Cognizant is the innovative tech solutions provider that is doing exciting things like helping a global leading bank to reduce their fraud transactions by 50%.

Morten Henriksen, Agile Business Analyst at Cognizant is a champion for inclusion and diversity, reminding us that support comes from all angles – and needs to be explicitly outlined within a company.

“Diversity doesn’t come by itself, so senior management, middle management, and everyone else in the company needs to be aware of that strategy and all initiatives.”

At Cognizant, they’re dedicated to gender equality initiatives in the workplace.

“Cognizant has a strong focus on gender equality and strive to create an equal workplace for everyone,” says Henriksen. “We support both internal initiatives such as WINKS – Women In the Know, an internal networking group for female associates – and external organisations such as Code Like A Girl and VICICT4Women. Also, we have a strong focus on flexible work in order to support different life situations and arrangements.”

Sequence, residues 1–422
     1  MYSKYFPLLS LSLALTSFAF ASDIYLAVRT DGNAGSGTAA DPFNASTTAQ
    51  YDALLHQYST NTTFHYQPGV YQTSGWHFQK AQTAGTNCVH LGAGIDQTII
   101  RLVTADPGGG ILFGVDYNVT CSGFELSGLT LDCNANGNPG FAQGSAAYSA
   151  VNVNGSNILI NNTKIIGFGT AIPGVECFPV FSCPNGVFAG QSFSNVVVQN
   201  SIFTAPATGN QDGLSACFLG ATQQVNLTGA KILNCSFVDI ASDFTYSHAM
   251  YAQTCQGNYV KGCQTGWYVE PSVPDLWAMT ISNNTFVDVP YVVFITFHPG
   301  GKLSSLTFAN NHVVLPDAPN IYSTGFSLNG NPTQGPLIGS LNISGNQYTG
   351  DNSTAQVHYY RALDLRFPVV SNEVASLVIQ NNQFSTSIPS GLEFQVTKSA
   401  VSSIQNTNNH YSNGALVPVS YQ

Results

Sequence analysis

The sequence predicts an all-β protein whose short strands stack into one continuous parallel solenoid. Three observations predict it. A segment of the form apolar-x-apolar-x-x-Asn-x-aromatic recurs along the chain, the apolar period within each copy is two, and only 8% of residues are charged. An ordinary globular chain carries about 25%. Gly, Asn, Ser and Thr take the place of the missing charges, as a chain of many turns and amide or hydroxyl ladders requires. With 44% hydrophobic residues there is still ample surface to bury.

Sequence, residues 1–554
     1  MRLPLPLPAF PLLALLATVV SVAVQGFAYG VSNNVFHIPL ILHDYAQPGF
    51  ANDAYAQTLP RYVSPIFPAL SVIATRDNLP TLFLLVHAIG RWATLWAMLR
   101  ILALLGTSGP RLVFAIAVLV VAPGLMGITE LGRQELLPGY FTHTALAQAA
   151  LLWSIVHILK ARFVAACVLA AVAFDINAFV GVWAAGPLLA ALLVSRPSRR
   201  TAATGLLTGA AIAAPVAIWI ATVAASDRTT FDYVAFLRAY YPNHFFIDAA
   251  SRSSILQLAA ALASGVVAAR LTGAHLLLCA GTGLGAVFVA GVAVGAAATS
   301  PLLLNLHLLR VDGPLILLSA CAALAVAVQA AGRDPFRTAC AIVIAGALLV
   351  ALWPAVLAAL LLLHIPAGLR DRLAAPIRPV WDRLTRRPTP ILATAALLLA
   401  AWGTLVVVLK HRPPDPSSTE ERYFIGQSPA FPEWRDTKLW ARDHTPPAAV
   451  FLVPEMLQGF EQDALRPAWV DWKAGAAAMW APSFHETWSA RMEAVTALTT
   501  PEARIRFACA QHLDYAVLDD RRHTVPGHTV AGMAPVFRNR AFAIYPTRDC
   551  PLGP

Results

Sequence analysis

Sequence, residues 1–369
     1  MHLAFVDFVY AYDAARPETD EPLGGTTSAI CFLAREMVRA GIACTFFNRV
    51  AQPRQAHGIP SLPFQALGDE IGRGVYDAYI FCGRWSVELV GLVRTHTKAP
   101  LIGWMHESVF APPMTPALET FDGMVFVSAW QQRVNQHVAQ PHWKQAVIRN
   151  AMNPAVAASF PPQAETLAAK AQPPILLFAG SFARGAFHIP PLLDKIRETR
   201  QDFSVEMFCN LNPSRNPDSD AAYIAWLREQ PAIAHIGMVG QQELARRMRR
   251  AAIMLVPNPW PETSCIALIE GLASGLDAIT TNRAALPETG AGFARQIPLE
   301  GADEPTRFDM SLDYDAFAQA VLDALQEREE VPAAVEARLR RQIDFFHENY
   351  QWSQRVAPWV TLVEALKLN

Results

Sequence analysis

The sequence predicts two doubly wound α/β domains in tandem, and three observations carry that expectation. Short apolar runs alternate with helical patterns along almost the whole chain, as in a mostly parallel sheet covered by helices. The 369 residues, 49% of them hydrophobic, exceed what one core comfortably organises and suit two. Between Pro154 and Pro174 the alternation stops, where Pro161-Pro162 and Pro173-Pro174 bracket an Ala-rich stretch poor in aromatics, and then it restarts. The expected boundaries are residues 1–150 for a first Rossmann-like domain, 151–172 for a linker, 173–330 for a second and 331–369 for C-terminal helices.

Even more interesting, explains Henriksen, is how Cognizant is refactoring the hiring process to remove unconscious gender bias.

“Our talent acquisition practice is working with our hiring managers in relation to unconscious bias in the interview process which can influence who we hire to ensure that all our potential candidates are treated equally.”


Global consultancy firm EY is top of many people’s employer wish lists for good reason. The company is known for its evidence-based results, hard work, and prestige.

Sabrina D’Cruz has been with EY since 2012, working her way up the career ladder to a Senior Manager, Advisory position.